The Courier-Journal, Louisville, Kentucky, on gun control bill:
Last week was good for the gun crowd in Congress.
Whether you're happy about it or not, thank those who helped pass an awful bill: Anne Northup, Mike Sodrel, Ron Lewis, Geoff Davis, Ben Chandler, Hal Rogers, Ed Whitfield, John Hostettler.
This vote produced a justified tirade of criticism from New York's Republican mayor, Michael Bloomberg, who pointed out that Congress was making it easier to track the origins of tainted spinach than to trace a cache of illegal firearms.
... The Senate should stop the bill, which would, just as he said, "shield rogue gun dealers and hinder access to gun trace data and enforcement action by federal and local law enforcement against dealers."
There's a reason it was opposed by the International Association of Chiefs of Police, the Major Cities Chiefs (including Louisville's Robert White), the International Brotherhood of Police Officers and former officials of the Bureau of Alcohol, Tax and Firearms:
An outlaw 1.2 percent of licensed gun dealers are responsible for more than 57 percent of the weapons found at crime scenes. Yet those are precisely the bad actors whom this bill would protect. ...
The Democrat and Chronicle, Rochester, New York, on Rep. Foley and teenage pages:
It's hard to find a member of Congress who hasn't issued a statement of outrage and disgust over former Rep. Mark Foley's despicable communications with teenage pages. But in all the furor in the past two days, there has been little call for the kind of independent investigation that should begin immediately and be concluded before Election Day.
That is especially important for voters of this region, as Rep. Thomas Reynolds, whose district includes part of Monroe County, N.Y. and who is seeking re-election, says he was told about some of Foley's e-mails. Reynolds has defended his actions, saying he passed on the information to House Speaker Rep. Dennis Hastert.
The public needs to know to what extent Republican congressional leadership acted to protect Foley, whose questionable behavior had been talked about on Capitol Hill for years. And Congress must fill the oversight gaps in the page program that let Foley, and others, escape scrutiny.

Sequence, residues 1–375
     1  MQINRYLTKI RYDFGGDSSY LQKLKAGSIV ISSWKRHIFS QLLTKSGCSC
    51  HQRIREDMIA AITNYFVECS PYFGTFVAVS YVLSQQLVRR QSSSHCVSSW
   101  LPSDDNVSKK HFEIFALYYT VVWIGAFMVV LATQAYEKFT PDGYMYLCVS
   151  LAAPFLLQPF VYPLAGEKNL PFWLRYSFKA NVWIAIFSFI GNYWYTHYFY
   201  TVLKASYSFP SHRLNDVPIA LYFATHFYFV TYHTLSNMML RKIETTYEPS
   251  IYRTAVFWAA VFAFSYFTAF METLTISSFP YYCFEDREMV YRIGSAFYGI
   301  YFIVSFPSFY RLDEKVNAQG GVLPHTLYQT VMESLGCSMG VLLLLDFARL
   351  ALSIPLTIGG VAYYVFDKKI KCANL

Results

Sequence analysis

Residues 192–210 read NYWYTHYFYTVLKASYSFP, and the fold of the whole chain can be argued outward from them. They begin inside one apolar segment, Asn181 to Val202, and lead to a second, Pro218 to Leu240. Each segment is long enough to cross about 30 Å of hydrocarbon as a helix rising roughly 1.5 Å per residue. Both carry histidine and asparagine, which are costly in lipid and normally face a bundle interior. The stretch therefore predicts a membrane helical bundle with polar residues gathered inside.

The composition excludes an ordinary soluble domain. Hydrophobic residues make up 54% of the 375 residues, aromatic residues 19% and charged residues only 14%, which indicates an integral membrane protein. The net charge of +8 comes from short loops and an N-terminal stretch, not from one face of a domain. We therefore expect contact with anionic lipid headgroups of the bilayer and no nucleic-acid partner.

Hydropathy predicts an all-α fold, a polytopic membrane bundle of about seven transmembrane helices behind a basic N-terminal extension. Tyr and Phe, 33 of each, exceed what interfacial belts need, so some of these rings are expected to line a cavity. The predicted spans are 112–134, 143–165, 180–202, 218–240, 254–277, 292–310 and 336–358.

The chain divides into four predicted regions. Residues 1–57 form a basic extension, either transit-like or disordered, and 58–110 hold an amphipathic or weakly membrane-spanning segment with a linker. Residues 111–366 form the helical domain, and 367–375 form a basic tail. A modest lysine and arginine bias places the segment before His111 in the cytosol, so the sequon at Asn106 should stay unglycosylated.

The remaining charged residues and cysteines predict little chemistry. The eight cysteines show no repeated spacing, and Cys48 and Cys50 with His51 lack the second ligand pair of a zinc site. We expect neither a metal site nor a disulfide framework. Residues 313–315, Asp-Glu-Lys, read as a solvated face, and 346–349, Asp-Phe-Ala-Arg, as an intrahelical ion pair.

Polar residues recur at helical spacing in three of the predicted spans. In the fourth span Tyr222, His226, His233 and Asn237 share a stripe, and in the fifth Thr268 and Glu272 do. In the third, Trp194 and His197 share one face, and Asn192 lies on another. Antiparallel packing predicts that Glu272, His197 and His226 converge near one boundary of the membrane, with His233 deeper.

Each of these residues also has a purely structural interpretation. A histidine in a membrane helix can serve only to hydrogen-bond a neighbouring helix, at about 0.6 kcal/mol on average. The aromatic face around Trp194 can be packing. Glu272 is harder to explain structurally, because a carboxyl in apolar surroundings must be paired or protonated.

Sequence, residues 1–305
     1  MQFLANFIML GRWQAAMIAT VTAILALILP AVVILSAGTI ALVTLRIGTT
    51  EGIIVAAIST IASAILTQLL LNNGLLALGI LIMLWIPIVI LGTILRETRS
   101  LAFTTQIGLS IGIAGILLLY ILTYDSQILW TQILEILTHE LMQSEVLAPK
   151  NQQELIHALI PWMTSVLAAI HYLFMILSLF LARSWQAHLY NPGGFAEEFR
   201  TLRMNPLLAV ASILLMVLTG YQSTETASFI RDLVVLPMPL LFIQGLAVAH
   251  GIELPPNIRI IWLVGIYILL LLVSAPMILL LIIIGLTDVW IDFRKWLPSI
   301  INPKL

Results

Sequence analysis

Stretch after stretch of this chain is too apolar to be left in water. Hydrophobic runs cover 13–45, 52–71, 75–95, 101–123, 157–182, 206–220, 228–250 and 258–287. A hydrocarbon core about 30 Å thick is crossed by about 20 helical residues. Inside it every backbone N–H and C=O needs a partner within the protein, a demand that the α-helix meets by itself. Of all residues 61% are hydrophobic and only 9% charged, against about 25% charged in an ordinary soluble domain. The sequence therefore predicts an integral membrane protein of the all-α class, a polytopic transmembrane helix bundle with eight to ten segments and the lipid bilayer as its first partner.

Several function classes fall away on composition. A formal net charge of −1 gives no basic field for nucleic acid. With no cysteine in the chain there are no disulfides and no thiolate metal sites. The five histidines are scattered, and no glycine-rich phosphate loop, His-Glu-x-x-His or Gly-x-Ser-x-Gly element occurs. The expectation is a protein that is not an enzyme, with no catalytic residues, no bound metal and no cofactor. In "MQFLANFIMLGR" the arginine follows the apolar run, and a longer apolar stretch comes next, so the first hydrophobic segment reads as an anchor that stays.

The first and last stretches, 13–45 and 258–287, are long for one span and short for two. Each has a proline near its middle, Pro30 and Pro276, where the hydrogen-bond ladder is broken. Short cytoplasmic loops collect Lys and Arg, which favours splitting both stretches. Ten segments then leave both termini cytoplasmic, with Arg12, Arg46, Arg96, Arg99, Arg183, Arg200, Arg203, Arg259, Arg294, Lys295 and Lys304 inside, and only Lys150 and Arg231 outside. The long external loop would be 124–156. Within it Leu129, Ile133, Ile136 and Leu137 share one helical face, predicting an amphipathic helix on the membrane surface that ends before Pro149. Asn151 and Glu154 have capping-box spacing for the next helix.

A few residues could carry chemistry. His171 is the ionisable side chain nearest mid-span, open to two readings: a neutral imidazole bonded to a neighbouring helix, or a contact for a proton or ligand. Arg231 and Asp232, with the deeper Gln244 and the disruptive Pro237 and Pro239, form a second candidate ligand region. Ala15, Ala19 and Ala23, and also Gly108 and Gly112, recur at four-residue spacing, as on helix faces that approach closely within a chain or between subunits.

... If Republican leaders were in the dark about Foley's more scandalous messages to pages, as they claim, it could be because there had been no adequate investigation to uncover them.
An independent investigation should determine whether there was wrongdoing, and both parties should work to overhaul the page program. Delay is unacceptable.
The Lima News, Lima, Ohio, on Hispanics in government:
Sometimes, the conspiracy theory just doesnt pan out.
Unfortunately for those who see racism lurking behind virtually every statistical disparity involving the races, the Government Accountability Office has identified a more benign explanation for why Hispanics are statistically underrepresented among government workers. A lack of citizenship and lack of education are the two biggest factors, the GAO reported. And, in fact, it found that Hispanics are 16 percent more likely than similarly educated non-Hispanics to be working in federal agencies.
These findings disappointed groups, including the Congressional Hispanic Caucus, whose allegations of discrimination prompted the study. ...
But there really is no "crisis," as the GAO has shown. And the solution seems obvious to us. The federal government can either lower its hiring standards, or Hispanics who want federal jobs can become U.S. citizens and earn higher degrees. ...
Orlando Sentinel, Orlando, Florida, on aging Americans:
Despite the creature comforts of iPods, cell phones and TiVo, the future does not bode well for America's baby boomers.
The intrusion of age will mark a difficult transition for baby boomers scattered across a majority of communities not prepared to deal with the needs of the elderly.
A recent survey of more than 1,790 towns, counties and cities indicates that only 46 percent are looking at strategies to deal with aging America.
It's an ominous forecast for Florida, where the elderly are expected to reach 27.1 percent of the state's population in 2030 _ a rise from 17.6 percent in 2000 _ based on Census Bureau projections. The national average will be 20 percent.
Those numbers should give Central Florida a sense of urgency to begin implementing practical solutions. ...
... Time is critical because baby boomers _ those born from 1946 to 1964 _ began turning 60 this year and are rapidly approaching retirement age.
Communities _ particularly those in Central Florida _ need to work quickly to allow baby boomers to grow old gracefully.